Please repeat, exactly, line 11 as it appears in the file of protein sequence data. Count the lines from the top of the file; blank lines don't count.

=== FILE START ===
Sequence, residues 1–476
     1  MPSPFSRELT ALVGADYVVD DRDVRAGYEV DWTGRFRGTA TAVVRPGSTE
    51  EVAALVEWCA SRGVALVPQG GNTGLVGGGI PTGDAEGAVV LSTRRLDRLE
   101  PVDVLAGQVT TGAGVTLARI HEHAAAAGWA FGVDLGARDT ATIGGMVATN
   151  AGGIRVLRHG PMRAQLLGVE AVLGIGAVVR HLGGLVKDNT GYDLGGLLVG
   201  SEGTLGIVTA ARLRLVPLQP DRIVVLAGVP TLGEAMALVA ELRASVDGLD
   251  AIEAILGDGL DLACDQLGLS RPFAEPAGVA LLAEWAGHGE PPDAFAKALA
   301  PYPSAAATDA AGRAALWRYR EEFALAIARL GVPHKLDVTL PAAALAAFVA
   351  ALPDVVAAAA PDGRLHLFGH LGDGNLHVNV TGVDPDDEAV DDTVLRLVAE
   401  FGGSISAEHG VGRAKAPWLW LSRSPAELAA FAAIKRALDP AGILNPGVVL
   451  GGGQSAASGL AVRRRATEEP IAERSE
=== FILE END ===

   451  GGGQSAASGL AVRRRATEEP IAERSE